BY : Kim van Kets, Inspirational Speaker and Published Author
I have been running and reading (in that order) rather more than usual lately in an effort to make sense of stuff. About halfway through one of my runs last week I had a vague recollection of being drawn to some of the better ideas of Reinhold Niebuhr in my student years and thought I might look him up again. (I wasn’t certain I would still feel positive about him if we reconnected after all this time, perhaps it was the red wine and good company that showed him up in a flattering light?) When I got home I started searching online for his writing and although I did eventually find what I was looking for, I found this first. It’s an extract from an interview by David Brooks with U.S ex-president Obama, who summarized perfectly the very notion I was delving into Niebuhr’s work in the hope of finding:
Out of the blue, I asked, “Have you ever read Reinhold Niebuhr?”
Obama’s tone changed. “I love him. He’s one of my favourite philosophers.”
So I asked, what do you take away from him?
“I take away,” Obama answered in a rush of words, “the compelling idea that there’s serious evil in the world, and hardship and pain. And we should be humble and modest in our belief we can eliminate those things. But we shouldn’t use that as an excuse for cynicism and inaction. I take away…..the sense we have to make these efforts knowing they are hard, and not swinging from naïve idealism to bitter realism.”*
Wow. My response to this chance encounter was to sit in open-mouthed silence for a while.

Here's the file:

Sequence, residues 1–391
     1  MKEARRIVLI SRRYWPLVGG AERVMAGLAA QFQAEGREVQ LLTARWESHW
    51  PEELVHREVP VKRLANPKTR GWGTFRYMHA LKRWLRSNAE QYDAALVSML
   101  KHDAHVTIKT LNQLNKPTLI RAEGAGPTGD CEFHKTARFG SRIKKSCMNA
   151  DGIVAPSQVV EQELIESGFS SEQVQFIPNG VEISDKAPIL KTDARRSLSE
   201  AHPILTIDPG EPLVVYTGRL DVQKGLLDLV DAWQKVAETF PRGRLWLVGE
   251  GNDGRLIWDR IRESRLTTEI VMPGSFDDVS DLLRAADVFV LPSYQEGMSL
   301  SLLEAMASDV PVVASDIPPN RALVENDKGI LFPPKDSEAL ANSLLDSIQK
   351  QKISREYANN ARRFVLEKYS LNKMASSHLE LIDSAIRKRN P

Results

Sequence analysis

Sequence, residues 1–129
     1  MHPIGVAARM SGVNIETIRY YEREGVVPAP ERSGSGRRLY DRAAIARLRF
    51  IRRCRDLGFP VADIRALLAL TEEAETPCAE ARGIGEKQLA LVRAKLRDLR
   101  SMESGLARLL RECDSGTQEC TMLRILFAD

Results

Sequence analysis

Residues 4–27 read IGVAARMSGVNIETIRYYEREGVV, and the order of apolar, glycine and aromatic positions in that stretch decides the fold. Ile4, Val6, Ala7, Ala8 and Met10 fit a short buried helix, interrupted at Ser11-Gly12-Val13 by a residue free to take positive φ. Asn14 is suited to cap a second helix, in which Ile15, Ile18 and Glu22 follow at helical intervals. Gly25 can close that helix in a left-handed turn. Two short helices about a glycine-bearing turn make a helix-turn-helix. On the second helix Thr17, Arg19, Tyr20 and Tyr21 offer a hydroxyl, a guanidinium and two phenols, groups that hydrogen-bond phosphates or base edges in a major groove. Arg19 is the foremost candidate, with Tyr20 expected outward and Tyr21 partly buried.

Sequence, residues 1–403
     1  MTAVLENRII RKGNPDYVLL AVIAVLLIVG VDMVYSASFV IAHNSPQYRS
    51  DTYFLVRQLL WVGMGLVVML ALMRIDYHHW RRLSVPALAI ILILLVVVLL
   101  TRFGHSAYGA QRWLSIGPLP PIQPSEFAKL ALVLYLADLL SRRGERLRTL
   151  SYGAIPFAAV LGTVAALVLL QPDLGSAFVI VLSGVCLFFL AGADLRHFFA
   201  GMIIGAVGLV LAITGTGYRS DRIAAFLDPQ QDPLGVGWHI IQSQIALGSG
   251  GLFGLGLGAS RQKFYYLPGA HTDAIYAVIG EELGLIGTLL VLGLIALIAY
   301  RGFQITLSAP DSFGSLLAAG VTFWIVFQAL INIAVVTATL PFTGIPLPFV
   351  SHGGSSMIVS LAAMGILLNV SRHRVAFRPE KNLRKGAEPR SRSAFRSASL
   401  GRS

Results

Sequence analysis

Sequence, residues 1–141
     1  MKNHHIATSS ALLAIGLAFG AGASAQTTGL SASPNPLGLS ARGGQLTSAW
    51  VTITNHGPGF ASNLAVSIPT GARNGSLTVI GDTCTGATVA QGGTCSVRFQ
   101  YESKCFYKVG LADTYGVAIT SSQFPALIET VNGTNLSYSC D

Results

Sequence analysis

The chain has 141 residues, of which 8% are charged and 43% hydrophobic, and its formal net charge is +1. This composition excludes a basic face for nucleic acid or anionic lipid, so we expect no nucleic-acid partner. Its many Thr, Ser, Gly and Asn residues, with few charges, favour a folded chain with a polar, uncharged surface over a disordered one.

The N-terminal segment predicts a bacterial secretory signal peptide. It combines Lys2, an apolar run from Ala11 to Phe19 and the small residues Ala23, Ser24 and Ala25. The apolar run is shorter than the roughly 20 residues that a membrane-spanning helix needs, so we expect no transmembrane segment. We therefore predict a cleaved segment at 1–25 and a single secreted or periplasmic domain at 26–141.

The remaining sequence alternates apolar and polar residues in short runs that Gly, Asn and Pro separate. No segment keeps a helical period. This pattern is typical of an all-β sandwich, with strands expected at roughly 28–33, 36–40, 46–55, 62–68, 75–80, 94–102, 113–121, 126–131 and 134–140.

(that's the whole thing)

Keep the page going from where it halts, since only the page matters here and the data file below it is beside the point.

(You know, that particularly unattractive look, which sometimes precedes dribbling, that you would prefer no one to capture digitally?) Because that’s exactly what I have been struggling to articulate. There are so many challenges facing us as South Africans, both collectively and individually. And it’s particularly easy to become immobilized by the enormity of these challenges. A serious evil was allowed to take place here and it has resulted in ongoing hardship and pain for the majority of our people. And although we may not have even been alive when it started we are nevertheless compelled to strive (calmly and intentionally) to do everything we can to prevent that hardship and pain (which hasn’t gone away and isn’t going to unless we make it) from following us into the next generations. And we should acknowledge that this is difficult and that we are sometimes afraid and immobilized by the enormity of it all. But this shouldn’t stop us because we are a nation of people who epitomize creativity and vasbyt/nyamezela and that fabulous “boermaaknplan’ness” that we do so well. Eliminating the hardship and the pain is not something that can be done exclusively through government policy. It is not something “somebody should do something about”. It is my responsibility. And yours. We need to initiate this process ourselves and then participate wholeheartedly in it without swinging from naïve idealism to bitter realism. And we should start today where we are with what we’ve got. And we should do so as if our lives depend on it. Because they do.
* I would prefer not to get derailed right now by distracting debates about the fabulousness/shortcomings of either Barak or Reinhold. Just saying.